Anat Cohen


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Idiomatically conversant with modern and traditional jazz, classical music, Brazilian choro, Argentine tango, and an expansive timeline of Afro-Cuban styles, Anat Cohen has established herself as one of the primary voices of her generation on both the tenor saxophone and clarinet since arriving in New York in 1998.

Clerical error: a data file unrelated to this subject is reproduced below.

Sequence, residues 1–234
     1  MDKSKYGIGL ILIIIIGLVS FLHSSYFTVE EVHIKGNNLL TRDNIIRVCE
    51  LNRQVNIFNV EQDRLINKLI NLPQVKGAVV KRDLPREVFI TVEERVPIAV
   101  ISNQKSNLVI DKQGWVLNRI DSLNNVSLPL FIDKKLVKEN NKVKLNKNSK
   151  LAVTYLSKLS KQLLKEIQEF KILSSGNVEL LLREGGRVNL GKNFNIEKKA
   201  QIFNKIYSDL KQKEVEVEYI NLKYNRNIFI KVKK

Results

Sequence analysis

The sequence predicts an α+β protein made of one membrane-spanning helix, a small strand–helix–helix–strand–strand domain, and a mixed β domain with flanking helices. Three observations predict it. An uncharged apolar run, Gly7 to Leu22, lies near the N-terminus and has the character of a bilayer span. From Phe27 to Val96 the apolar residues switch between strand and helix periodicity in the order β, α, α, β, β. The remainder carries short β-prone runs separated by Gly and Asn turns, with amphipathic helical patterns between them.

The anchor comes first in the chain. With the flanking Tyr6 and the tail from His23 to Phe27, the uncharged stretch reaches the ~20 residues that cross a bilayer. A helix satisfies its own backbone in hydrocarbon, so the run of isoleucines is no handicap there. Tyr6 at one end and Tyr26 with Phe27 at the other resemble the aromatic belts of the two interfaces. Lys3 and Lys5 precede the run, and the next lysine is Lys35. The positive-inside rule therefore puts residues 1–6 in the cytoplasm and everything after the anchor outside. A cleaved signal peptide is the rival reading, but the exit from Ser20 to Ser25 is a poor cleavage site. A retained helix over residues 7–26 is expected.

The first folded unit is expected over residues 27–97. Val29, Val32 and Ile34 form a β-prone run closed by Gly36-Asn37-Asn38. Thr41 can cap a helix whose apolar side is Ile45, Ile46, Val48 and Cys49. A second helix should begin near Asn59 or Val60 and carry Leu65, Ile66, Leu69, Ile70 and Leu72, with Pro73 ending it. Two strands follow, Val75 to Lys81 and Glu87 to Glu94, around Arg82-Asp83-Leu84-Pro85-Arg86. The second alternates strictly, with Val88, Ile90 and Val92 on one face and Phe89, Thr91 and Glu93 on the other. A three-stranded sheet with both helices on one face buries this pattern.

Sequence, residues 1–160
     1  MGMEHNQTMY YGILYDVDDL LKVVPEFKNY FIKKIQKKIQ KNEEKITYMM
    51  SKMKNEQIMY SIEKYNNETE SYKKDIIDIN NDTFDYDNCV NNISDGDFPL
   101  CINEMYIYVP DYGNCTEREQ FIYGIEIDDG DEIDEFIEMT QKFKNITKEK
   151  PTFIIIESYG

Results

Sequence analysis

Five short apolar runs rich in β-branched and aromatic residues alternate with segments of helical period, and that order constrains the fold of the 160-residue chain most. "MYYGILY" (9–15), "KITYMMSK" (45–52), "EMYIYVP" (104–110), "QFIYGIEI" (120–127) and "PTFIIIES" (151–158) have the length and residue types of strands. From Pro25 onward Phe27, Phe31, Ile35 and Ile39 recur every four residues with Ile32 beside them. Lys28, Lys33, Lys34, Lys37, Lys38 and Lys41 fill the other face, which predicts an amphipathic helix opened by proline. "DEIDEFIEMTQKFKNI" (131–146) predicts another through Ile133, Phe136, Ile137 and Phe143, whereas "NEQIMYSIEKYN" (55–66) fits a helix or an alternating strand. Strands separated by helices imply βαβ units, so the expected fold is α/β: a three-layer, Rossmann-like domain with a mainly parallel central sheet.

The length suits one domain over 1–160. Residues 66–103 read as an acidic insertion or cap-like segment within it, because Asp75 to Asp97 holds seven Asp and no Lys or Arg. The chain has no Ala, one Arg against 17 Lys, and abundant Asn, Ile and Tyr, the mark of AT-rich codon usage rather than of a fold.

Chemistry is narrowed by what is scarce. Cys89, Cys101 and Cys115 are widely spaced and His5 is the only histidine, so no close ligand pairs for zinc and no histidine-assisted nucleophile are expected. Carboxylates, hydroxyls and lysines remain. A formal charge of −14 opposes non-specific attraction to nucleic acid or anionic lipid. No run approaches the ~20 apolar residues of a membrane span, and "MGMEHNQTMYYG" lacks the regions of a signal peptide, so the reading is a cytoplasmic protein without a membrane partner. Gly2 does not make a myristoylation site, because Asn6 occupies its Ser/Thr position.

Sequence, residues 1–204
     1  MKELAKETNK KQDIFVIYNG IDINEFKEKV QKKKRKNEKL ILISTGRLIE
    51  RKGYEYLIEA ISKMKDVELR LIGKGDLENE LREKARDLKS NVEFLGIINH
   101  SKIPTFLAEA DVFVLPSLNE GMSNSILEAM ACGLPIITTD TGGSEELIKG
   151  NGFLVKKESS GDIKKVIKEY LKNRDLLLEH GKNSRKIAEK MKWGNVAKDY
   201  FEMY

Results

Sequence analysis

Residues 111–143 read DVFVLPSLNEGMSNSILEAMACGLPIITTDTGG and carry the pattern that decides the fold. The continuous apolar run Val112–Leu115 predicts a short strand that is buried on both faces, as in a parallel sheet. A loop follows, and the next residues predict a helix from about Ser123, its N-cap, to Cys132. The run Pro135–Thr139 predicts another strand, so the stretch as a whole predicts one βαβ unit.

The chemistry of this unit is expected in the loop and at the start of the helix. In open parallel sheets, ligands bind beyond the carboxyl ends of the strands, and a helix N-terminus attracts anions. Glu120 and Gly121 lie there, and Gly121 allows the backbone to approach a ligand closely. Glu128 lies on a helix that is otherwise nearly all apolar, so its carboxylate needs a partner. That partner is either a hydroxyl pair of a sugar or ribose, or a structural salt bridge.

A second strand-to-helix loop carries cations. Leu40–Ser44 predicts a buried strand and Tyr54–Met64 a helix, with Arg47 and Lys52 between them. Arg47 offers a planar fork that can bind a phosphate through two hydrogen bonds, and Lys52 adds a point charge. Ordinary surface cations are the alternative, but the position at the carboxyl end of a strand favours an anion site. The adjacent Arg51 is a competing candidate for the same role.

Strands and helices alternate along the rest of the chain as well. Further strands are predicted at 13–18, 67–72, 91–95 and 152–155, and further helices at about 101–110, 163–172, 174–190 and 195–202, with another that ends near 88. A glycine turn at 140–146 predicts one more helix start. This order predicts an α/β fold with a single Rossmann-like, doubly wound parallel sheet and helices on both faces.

Born in Tel Aviv, Israel, Anat grew up with musical siblings; her older brother, Yuval, is himself a saxophonist of note, and her younger brother, Avishai, is one of New York's busiest trumpeters. She began clarinet studies at age 12 and played jazz on clarinet for the first time in her Jaffa conservatory's Dixieland band. At 16 she joined the school's big band and learned to play the tenor saxophone. The same year, Anat entered the prestigious Thelma Yelin High School for the Arts, where she majored in jazz. After graduation, she discharged her mandatory Israeli military service duty from 1993-95, playing tenor saxophone in the Israeli Air Force band. In 1996, Anat headed to Boston to matriculate at Berklee College of Music. There she met faculty member Phil Wilson, who encouraged her to play clarinet, other inspiring teachers such as Greg Hopkins, Ed Tomassi, Hal Crook, George Garzone, and Bill Pierce, and an elite international peer group of students. Berklee was crucial to my development as a musician says Anat. I was veryclosed-minded when I got there. I just wanted to play Coltrane, to play jazz; I didn't think of world music at all. Since Berklee gives scholarships to musicians from all over the world the student body ends up being very diverse. I met many people who played music from their own country and I came to understand when a chart says Latin' on top it means almost nothing. You need to know if the music is from the northeast of Brazil, the west coast of Colombia, or someplace else on the continent. I was inspired to explore world music, starting with the music of South America, in detail. During her Berklee years, Anat visited New York during breaks between semesters, making a beeline for Smalls to soak up the hybrid of grooves, world music and mainstream jazz that people like Jason Lindner and Omer Avitala high school bandmate of her older brotherwere then evolving. Back in Boston, she played tenor saxophone in a variety of musical contexts; Afro Cuban music with Ecuadorian bassist Alex Alvear in a group called Mango Blue, Argentinean and original music with pianist Pablo Ablanedo, and klezmer music at weddings. Called by Brazilian bassist Leonardo Cioglia for Brazilian Popular Music gigs, Anat learned selections from the songbooks of Ivan Lins, Milton Nascimento, and Toninho Horta, and studied Brazilian percussion to master the associated rhythms. The group evolved into an instrumental quartet that gigged weekly. After Cioglia left for New York, jobs with Fernando Brandao, a Brazilian flutist, provided Anat with more opportunities to play Brazilian music and exposed her to choro, a particularly challenging Brazilian musical genre, for the first time. Once ensconced in New York, Anat quickly found work in various Brazilian ensembles, including a gig with the high-octane pop band Brazooca at the Café Wha in Greenwich Village. One night there I met Pedro Ramos, she recalls, referring to the tenor guitarist and cavaquinho player who had recently organized the Choro Ensemble, He showed up at my house the next day with songs for me to learn for a demo CD he was set to make the following week. When we started to play the music, I fell in love with it, and it immediately rekindled my desire to play clarinet. Choro employs classical European harmonic progressions and demands a classical approach to technique on the instrument. It offers the alegria (happiness) of the samba, nostalgia, saudade (longing), groove, and high energy. It requires constant interaction and allows for improvisation. It has all the important elements I think great music should have, and requires true dedication to learn to play it authentically. It has been the mainstay of my clarinet playing for the last seven years.